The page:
And in a recent high-profile action filed in a federal court in Ohio, Kevin Hardwick demanded independent, nationwide medical studies to determine the effects of PFAS on human health, as well as ongoing medical monitoring for those adversely affected by PFAS, to be paid for by the chemical company defendants. The plaintiff claimed that manufacturers and distributors had known for years about the harmfulness of PFAS, had taken conscious measures to conceal it, and had made billions in profits while harming people unaware of the risks to their life and health. In March 2022, the court upheld his claims and declared all inhabitants of Ohio with PFAS in their blood eligible to file suit against chemical manufacturers. However, this right was not granted to residents of other states, as Hardwick had sought. But this does not foreclose granting this right in the future.
The long history of the US litigation over the use of PFAS is not limited to litigation brought by individuals harmed by these substances against chemical companies, although these are the most common. There was a well-known dispute among restructured chemical companies over the allocation of liability for the use of forever chemicals. In 2021, a settlement was reached to share costs for potential liabilities, and issues related to ongoing proceedings were resolved. For several years, actions filed by water companies against chemical companies have been pending in New York, New Jersey and other states. The manufacturers and distributors of materials containing PFAS defend themselves against the allegations in various ways. Typically, they argue that the government is aware of the negative effects of PFAS on health and the environment, yet allows the use of products containing such substances. Some of them, for example firefighting foams, save lives, and from this perspective the benefits outweigh the risks arising from their use. Additionally, it is difficult to estimate their actual impact on health, due to individual factors of exposed persons such as age and genetic predisposition.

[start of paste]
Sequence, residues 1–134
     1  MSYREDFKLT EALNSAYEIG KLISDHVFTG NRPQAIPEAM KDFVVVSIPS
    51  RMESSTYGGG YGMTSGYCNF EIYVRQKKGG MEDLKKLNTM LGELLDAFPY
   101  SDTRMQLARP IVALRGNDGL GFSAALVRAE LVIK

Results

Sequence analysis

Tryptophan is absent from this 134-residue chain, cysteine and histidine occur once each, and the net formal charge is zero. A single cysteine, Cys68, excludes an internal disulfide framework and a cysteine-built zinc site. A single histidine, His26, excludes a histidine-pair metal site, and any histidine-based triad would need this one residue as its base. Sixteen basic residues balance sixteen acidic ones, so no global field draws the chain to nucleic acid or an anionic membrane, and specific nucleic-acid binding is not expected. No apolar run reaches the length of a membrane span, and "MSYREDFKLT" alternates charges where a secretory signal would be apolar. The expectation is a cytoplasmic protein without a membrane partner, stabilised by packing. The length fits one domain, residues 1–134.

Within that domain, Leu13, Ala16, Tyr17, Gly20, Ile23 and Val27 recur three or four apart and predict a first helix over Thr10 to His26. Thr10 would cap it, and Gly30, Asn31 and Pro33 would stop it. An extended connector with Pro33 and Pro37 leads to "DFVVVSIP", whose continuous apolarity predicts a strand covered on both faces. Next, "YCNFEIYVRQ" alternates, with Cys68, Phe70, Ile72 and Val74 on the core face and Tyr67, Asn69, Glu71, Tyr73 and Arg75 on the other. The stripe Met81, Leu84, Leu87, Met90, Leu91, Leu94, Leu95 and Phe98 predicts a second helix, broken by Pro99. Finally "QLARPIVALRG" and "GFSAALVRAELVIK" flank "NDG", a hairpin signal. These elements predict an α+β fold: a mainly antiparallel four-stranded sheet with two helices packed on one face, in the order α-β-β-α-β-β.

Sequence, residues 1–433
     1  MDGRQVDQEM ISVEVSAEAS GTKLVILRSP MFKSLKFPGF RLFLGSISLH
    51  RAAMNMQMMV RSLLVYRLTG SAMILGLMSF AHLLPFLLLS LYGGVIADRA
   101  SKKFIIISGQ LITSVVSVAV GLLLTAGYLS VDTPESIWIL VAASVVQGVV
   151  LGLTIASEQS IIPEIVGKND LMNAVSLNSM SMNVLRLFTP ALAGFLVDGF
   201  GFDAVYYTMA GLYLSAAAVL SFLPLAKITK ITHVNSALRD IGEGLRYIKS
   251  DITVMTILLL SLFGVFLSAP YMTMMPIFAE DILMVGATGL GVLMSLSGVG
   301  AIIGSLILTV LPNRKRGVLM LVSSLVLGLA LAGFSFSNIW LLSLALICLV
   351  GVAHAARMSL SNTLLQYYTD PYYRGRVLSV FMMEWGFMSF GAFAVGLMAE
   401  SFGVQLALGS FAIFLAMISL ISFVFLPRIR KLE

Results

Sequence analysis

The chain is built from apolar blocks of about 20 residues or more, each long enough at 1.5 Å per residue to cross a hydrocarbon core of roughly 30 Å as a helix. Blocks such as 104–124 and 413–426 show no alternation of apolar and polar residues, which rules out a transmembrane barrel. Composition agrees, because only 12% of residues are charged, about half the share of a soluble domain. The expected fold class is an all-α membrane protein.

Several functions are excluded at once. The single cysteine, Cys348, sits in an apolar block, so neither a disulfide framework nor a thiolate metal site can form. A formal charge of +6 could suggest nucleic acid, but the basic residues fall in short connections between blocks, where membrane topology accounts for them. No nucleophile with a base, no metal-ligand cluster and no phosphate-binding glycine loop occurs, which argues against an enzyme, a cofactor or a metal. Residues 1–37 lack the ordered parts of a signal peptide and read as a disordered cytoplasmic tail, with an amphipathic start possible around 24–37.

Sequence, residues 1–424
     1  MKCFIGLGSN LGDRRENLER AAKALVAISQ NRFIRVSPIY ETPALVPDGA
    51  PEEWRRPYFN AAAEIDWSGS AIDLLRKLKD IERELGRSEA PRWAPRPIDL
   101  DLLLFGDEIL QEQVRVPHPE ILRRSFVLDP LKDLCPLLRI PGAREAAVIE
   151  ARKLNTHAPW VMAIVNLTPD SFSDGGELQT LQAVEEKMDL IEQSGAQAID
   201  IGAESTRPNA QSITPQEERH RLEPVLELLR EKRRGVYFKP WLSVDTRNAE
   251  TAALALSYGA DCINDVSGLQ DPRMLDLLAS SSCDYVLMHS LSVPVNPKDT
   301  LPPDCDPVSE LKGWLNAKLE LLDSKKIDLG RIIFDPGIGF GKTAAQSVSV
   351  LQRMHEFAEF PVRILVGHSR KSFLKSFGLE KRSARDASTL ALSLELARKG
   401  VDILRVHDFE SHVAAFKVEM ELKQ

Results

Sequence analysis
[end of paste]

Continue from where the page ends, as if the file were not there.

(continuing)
How does it look in the European Union?
Although PFAS litigation has so far remained the domain of the United States, recently there has also been a lot of talk about them in Europe. On 23 February 2022, the General Court (part of the Court of Justice of the European Union) issued a judgment in T-636/19, Chemours Netherlands BV v European Chemicals Agency, confirming the validity of the classification of GenX as a “substance of very high concern” under the REACH Regulation. The substance was developed as a replacement for PFOA banned since 2019. It was mainly used in the production of cookware and paints. Initially it was considered a safer alternative, but over time it has proven to be just as durable and similarly toxic.
The case was brought by a Dutch company against the European Chemicals Agency, which is responsible for updating the candidate list of substances of very high concern. Currently, the case is on appeal before the Court of Justice (Case C-293/22 P).
Potential to fight PFAS in Poland